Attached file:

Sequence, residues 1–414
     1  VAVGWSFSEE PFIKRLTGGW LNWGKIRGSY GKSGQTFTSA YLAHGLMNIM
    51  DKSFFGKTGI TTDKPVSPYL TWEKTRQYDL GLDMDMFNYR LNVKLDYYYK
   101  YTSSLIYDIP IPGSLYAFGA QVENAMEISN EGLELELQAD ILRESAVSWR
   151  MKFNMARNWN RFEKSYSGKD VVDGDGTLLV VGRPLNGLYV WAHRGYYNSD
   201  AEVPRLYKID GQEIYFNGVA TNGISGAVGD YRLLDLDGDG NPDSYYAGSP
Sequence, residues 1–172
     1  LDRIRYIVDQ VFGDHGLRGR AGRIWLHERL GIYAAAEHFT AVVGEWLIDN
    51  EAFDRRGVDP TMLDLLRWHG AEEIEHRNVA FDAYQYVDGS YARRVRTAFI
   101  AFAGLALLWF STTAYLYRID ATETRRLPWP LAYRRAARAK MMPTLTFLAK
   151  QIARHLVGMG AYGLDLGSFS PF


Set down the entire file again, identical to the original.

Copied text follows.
Sequence, residues 1–414
     1  VAVGWSFSEE PFIKRLTGGW LNWGKIRGSY GKSGQTFTSA YLAHGLMNIM
    51  DKSFFGKTGI TTDKPVSPYL TWEKTRQYDL GLDMDMFNYR LNVKLDYYYK
   101  YTSSLIYDIP IPGSLYAFGA QVENAMEISN EGLELELQAD ILRESAVSWR
   151  MKFNMARNWN RFEKSYSGKD VVDGDGTLLV VGRPLNGLYV WAHRGYYNSD
   201  AEVPRLYKID GQEIYFNGVA TNGISGAVGD YRLLDLDGDG NPDSYYAGSP
Sequence, residues 1–172
     1  LDRIRYIVDQ VFGDHGLRGR AGRIWLHERL GIYAAAEHFT AVVGEWLIDN
    51  EAFDRRGVDP TMLDLLRWHG AEEIEHRNVA FDAYQYVDGS YARRVRTAFI
   101  AFAGLALLWF STTAYLYRID ATETRRLPWP LAYRRAARAK MMPTLTFLAK
   151  QIARHLVGMG AYGLDLGSFS PF